Backpage.com sues state to halt law aimed at online child sex ads

Friday, June 29, 2012 at 10:02am

Backpage.com is suing Tennessee Attorney General Robert Cooper along with the 31 district attorneys general across the state in an effort to put the brakes on a law set to go into effect next week.

The suit — filed in U.S. District Court in Nashville on Wednesday — seeks an injunction against a looming state law that would make criminally liable any person or company selling ads involving commercial sex with anyone appearing to be a minor if they don’t make a reasonable attempt to verify the individual’s age.

Backpage claims that Tennessee Public Charter 1075 would have a chilling effect on free speech online and that it’s unconstitutional, violating the Communication Decency Act of 1996, the First and 14th amendments, and the Commerce Clause of the U.S. Constitution.

The online classified ads company claims in the court filing that if enacted the law “would impose an intolerable burden on speech across the country.”

The law would make it illegal to sell advertisements that “would appear to a reasonable person” to include a “commercial sex act … with a minor” even if, as the suit states, “no such content is ever published or the ad does not actually concern a minor.” Any person or company found guilty of such an infraction could then be punished with up to 15 years in prison and a minimum fine of $10,000.

Furthermore, such a company would be responsible for verifying the age of anyone used in any ad via government-issued identification and would not be able to argue that it “didn’t know” a person included in a posted ad was underage.

In practice, the online ad company says the obligation of verifying the age of millions of users a year — Backpage.com claims it had 3.3 million posts in April alone — is just unfeasible. “Although its ostensible purpose — to prevent the sex trafficking of children — is laudable, the law is not,” the suit states.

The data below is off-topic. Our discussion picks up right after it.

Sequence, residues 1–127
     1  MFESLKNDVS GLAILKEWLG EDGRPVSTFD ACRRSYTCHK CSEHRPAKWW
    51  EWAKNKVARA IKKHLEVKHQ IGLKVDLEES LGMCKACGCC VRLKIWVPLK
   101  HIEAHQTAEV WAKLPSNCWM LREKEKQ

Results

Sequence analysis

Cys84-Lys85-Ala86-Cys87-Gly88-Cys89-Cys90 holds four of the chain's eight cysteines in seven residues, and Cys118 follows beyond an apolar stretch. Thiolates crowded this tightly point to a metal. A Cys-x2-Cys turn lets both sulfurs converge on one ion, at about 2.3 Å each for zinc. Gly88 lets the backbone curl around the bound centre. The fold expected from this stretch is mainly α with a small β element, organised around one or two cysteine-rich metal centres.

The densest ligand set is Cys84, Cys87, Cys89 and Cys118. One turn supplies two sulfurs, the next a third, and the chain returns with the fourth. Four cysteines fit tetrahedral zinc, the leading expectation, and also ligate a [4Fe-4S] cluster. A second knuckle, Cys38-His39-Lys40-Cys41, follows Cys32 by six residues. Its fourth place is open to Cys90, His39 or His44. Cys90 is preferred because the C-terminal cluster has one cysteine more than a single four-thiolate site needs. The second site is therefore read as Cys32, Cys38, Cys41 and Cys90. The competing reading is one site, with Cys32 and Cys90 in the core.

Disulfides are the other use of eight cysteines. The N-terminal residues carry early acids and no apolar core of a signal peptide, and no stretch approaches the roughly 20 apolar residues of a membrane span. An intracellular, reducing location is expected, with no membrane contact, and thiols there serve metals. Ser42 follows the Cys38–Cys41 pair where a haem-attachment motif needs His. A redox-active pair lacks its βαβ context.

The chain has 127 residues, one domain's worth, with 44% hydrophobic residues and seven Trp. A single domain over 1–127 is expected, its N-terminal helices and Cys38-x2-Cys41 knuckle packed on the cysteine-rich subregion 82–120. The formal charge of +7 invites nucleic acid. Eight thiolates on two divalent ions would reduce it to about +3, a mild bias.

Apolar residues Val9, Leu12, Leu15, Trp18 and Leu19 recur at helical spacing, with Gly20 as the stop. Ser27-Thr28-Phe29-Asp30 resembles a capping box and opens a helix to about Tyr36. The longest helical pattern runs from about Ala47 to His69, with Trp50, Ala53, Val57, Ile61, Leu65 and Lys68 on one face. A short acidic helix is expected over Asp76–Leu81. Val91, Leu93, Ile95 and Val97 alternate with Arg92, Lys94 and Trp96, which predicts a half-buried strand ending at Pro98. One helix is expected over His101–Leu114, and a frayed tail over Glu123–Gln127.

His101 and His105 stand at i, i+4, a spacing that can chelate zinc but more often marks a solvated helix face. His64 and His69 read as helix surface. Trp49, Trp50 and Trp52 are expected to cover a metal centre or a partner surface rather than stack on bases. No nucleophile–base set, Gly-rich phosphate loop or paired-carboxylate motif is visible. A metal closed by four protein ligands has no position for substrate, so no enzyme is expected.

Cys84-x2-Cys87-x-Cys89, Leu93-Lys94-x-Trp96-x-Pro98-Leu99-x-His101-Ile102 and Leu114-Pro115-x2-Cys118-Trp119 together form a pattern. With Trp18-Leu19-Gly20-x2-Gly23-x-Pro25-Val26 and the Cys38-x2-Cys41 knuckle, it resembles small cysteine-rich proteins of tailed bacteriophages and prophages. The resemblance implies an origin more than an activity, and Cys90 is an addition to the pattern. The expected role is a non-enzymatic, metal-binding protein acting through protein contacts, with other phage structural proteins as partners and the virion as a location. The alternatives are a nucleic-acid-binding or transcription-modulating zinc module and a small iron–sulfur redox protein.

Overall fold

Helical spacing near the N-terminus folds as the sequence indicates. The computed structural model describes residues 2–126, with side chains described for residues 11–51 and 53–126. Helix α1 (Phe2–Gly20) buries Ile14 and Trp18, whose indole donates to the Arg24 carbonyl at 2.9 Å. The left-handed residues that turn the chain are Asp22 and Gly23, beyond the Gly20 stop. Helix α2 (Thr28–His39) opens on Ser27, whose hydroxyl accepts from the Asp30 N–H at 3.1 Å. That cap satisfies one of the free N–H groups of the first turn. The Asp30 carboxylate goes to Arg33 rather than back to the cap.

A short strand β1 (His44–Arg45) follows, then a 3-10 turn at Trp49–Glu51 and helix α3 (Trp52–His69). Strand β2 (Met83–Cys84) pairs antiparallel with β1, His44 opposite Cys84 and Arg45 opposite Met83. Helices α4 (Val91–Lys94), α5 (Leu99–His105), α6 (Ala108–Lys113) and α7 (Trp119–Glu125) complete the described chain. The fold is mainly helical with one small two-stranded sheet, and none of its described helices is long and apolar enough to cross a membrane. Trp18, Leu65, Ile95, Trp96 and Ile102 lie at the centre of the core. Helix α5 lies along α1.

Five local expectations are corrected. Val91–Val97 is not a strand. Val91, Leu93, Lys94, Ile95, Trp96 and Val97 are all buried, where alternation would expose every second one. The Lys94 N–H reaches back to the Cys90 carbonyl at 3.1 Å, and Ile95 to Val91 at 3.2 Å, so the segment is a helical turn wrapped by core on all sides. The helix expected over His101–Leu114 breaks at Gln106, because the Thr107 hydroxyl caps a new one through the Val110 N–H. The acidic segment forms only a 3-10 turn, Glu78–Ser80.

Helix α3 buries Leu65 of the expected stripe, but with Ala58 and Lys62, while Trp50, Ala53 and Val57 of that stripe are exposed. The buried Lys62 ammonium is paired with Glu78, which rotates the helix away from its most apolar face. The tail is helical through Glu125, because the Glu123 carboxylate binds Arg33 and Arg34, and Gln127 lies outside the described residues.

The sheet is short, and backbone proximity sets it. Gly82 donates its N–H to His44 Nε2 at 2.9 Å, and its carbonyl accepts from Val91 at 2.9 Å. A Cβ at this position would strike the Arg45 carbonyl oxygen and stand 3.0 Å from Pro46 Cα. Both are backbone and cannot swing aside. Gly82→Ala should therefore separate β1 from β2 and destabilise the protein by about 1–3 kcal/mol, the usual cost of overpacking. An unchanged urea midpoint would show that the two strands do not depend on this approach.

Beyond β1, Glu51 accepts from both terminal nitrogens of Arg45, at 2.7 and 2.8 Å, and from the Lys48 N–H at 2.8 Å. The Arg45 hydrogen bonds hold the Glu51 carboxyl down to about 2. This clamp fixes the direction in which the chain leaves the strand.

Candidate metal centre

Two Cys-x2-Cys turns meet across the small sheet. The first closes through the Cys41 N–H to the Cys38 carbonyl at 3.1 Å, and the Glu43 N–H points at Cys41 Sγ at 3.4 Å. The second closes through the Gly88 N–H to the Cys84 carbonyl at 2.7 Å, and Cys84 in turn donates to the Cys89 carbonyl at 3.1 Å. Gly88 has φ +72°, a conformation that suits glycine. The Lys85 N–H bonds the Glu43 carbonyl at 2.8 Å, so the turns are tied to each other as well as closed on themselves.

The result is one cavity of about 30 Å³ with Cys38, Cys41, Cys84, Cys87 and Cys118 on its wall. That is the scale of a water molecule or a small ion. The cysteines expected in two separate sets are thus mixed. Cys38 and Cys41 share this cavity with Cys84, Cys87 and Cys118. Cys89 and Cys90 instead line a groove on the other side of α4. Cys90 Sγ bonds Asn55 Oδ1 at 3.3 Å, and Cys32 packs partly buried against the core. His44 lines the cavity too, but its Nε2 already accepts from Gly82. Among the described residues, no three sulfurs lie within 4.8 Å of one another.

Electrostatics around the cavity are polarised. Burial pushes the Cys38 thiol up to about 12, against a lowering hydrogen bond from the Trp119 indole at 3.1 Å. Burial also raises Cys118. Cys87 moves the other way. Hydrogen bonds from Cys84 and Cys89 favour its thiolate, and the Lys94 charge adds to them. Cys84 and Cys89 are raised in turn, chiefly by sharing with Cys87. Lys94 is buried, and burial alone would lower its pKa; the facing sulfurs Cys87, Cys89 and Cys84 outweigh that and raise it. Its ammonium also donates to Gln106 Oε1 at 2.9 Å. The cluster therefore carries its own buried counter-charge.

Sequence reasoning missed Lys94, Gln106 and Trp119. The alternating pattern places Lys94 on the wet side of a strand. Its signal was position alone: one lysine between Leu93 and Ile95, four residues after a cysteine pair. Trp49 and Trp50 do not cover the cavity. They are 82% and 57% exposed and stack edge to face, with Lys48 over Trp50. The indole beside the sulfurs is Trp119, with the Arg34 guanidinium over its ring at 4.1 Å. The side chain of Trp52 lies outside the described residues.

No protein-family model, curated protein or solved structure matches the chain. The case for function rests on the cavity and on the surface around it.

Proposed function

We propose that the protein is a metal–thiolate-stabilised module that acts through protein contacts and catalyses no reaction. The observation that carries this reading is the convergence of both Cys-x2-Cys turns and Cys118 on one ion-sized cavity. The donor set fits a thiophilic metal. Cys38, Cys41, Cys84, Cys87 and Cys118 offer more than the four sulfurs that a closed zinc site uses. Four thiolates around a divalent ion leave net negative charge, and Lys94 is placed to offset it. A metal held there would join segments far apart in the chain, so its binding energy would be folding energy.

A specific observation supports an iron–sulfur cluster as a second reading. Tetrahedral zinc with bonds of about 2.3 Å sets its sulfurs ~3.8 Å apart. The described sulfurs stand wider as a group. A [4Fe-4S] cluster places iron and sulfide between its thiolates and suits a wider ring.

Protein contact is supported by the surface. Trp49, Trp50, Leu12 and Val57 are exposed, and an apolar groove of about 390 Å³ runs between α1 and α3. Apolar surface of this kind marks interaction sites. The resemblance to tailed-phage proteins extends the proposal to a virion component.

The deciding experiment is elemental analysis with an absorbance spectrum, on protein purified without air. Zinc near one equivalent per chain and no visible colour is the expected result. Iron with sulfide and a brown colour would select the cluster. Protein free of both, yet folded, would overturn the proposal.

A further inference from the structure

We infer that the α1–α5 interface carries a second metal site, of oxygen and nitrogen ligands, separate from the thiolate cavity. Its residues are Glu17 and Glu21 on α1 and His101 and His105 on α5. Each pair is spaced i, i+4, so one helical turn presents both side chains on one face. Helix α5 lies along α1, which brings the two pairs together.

Backpage.com has taken a considerable amount of heat from those protesting its use of online adult personal and escort ads that some say encourage and foster the practice of human sex trafficking.

Campaigns by attorneys general across the country successfully pressured online classified giant Craigslist to remove its adult escort section. Much of that business then moved to other websites, such as Backpage.com.

The Backpage suit claims the new restrictions would not only limit its business but also censor online content in this state and elsewhere.

“In all likelihood,” the suit reads, “online service providers and other publishers will choose a [to] stop allowing third-party content altogether, or at least, all adult-oriented content. And, because Public Chapter 1075 is not limited to conduct within Tennessee, online service providers may also be compelled to attempt to block or censor for Tennesseans information and content available elsewhere in the country.”

Ryan Dalton, of Operation Broken Silence, a Tennessee anti-human-trafficking organization that helped shape the law in question as well as similar other ones, said the company’s move was expected given its recent legal success in the state of Washington.

A federal court there has already granted a temporary injunction against a similar law, which Backpage claims forces websites “to become the government’s censors of user-submitted content” through the threat of felony prosecution.

On June 5, a federal court in that state granted Backpage’s motion calling for a temporary restraining order against that law two days before it was set to take effect.

While Dalton said he too had concerns over freedom of expression issues relating to online advertisements, “I trust that the Sixth Circuit will make a Constitutionally sound decision, whatever that may be. However, the law does give Backpage a fair opportunity to ethically monitor their ads by verifying the age of their posters and in doing so avoid criminal liability while protecting youth.”

Dalton added, “The refusal of Backpage to filter or remove illicit conduct, particularly the sex trafficking of children, is unacceptable, and unless a legislative act can compel unethical classified ad websites like Backpage to become responsible, children will continue to be sold by traffickers and Backpage will continue to profit from the horrors that these children will endure.”